Bloomberg is not the first ex-mayor of New York to come bearing solutions. In 2003, Rudy Giuliani swooped in to look around, collected a $4.3 million fee paid by the telecom billionaire Carlos Slim Helú, and sent in a crime-stopper report that more than a decade later still gets giggles in Mexico City. (His suggestion that the notoriously corrupt police crack down on squeegee men, street hawkers, and freelance parking-lot “attendants” seemed particularly out of touch.) Still, a city that was once considered menacing, filthy, and ungovernable is now merely exciting. In many ways, it resembles the city that Bloomberg took over from Giuliani in 2002. The population is 9 million and growing (21 million if you count the greater metropolitan area); crime is ebbing but remains a serious problem; the air is clearer than it used to be, but my weather app still sometimes predicts “smoke.” Mexico City suffered a cataclysm even more traumatic than New York’s, in the form of a 1985 earthquake that shattered thousands of buildings. Since then, rebuilding and gentrification have reshaped the city’s mental map.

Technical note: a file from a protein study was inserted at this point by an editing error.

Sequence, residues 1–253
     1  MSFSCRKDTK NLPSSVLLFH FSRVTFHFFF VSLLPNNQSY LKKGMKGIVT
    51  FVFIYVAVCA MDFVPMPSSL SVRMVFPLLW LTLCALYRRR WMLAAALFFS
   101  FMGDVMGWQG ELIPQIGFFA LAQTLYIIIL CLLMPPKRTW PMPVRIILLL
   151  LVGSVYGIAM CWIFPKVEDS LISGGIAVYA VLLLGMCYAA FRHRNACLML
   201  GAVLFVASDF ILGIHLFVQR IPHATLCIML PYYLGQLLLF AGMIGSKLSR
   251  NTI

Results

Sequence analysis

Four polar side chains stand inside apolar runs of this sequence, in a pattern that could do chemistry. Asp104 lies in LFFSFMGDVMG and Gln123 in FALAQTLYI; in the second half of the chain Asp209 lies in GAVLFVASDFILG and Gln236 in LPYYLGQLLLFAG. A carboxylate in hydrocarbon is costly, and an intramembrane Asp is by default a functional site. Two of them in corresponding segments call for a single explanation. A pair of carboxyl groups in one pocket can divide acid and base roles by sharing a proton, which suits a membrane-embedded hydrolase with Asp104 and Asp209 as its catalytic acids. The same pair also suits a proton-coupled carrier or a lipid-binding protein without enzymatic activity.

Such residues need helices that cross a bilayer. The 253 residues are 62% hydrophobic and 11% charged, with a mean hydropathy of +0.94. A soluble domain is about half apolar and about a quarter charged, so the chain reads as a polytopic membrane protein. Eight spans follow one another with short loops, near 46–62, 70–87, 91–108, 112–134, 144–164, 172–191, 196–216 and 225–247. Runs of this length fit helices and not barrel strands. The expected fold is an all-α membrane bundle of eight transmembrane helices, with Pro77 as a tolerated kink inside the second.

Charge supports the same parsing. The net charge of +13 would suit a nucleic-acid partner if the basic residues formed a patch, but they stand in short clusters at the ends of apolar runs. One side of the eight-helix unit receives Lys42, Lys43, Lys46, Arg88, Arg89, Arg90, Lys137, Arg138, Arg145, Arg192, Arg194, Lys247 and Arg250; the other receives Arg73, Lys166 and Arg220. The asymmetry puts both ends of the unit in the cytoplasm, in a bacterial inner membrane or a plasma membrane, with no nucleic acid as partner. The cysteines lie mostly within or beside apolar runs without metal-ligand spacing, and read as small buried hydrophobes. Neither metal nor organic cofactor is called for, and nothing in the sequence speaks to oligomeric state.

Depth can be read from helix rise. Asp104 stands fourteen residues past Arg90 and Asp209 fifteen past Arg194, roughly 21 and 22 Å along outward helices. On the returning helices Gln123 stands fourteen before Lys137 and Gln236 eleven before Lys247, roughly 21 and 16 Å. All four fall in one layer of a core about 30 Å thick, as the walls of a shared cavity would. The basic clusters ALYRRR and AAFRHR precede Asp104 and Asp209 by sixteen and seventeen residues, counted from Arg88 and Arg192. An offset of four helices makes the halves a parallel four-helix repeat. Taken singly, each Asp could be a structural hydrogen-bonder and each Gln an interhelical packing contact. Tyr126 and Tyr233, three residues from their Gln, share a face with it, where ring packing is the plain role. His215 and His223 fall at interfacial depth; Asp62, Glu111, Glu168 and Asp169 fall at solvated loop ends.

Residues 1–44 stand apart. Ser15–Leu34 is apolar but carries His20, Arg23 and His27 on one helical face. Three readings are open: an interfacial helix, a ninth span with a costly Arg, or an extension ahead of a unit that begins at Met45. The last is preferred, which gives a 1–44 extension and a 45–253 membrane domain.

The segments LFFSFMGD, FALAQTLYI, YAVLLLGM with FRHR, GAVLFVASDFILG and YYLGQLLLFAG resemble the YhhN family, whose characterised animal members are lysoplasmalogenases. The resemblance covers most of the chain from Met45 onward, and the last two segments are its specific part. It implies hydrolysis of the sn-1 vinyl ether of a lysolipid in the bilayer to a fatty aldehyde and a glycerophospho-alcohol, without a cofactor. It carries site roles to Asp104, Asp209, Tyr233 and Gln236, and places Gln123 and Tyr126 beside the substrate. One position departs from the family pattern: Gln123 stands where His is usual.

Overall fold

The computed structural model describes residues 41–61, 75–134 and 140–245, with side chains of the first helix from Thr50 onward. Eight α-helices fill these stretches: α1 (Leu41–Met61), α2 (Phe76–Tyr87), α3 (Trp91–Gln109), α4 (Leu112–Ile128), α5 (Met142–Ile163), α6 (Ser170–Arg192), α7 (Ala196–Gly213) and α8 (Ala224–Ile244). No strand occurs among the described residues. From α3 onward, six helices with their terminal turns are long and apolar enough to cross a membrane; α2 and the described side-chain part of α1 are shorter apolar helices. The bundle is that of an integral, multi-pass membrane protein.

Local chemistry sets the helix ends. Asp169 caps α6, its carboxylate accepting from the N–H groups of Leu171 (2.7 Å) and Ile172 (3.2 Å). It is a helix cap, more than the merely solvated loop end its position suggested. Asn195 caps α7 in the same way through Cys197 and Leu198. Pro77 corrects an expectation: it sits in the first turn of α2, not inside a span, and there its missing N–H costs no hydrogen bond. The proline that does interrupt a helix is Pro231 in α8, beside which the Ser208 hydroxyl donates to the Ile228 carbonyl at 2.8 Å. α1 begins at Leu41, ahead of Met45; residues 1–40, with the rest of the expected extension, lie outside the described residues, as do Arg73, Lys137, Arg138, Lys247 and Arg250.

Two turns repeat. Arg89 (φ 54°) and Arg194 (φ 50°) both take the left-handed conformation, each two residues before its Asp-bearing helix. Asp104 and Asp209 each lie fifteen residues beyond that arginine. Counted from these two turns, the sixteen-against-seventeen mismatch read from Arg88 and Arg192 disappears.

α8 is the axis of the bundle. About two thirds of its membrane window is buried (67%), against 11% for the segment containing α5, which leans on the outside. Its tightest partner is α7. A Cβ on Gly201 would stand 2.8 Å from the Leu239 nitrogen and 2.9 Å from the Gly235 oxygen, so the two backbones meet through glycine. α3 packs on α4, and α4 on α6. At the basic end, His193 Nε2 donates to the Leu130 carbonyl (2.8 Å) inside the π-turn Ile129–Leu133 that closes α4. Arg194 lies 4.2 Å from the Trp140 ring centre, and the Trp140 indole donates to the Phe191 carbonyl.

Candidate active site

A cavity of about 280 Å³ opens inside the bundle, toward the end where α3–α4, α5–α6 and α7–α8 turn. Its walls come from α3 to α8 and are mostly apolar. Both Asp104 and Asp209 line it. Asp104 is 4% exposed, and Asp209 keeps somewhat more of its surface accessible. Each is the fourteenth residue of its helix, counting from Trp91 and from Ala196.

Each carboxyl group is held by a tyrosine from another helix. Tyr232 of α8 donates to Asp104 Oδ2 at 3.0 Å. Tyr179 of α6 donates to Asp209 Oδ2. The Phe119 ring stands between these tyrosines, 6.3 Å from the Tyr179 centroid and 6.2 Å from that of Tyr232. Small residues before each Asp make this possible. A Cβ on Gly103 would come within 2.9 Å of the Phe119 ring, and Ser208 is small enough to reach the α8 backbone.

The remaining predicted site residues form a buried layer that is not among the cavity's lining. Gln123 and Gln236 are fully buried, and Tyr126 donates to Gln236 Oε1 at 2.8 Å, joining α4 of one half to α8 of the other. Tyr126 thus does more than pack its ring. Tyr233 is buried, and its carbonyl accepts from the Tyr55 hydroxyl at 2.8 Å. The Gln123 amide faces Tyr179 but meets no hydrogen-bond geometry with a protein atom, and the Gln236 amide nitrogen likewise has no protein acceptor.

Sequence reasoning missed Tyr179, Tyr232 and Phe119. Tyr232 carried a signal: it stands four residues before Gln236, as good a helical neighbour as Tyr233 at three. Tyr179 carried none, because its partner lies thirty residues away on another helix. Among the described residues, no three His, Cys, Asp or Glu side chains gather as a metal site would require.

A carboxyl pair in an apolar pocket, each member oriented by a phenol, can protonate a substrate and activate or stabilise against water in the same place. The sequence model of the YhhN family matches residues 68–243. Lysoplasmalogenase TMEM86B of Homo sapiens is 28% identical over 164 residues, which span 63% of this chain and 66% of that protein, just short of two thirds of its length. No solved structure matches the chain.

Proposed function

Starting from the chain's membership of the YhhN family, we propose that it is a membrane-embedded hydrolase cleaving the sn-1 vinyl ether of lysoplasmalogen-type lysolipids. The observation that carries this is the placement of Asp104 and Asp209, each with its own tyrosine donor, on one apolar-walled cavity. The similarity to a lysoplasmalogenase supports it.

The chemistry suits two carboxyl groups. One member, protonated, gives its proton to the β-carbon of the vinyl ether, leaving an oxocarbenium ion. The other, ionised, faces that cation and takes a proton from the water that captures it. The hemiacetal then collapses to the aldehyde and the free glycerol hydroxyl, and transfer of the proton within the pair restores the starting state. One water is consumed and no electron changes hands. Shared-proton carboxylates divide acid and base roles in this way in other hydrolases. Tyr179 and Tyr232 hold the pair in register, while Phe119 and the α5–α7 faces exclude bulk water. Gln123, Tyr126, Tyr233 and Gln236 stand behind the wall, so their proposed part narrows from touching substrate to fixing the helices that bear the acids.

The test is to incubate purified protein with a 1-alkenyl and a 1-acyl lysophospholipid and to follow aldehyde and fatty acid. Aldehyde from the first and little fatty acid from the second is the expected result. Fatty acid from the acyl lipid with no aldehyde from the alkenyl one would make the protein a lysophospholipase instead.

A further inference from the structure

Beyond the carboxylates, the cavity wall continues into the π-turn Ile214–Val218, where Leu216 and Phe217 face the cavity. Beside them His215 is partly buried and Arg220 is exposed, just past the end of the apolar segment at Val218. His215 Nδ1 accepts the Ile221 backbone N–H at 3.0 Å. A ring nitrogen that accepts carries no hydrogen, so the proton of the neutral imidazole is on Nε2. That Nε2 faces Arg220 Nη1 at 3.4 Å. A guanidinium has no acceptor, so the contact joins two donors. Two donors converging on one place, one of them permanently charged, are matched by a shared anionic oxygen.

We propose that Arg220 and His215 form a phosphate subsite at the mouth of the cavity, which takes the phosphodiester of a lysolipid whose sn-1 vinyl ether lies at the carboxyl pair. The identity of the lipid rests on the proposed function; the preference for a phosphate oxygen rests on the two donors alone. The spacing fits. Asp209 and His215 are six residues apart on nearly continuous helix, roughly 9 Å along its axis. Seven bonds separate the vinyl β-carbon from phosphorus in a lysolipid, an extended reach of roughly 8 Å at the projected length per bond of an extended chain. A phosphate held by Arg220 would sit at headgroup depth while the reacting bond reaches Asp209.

But at the center of the megalopolis is an area that has out-Bloomberged Bloomberg. Much of it is virtually the private fiefdom of his fellow plutocrat Slim, who, rather than running for mayor himself, has persuaded a series of politicians to help him remake Mexico City in his image. In the past dozen years, he has transformed himself into a kind of imperial developer and erected glass condos, revived crumbling palaces, created new business districts, built a museum, and expanded the wealthy Polanco district. “He’s trying to turn Mexico City into something out of Fritz Lang’s Metropolis,” grumbles Victor Delgadillo, an urbanist at the Universidad Autónoma de Ciudad de México.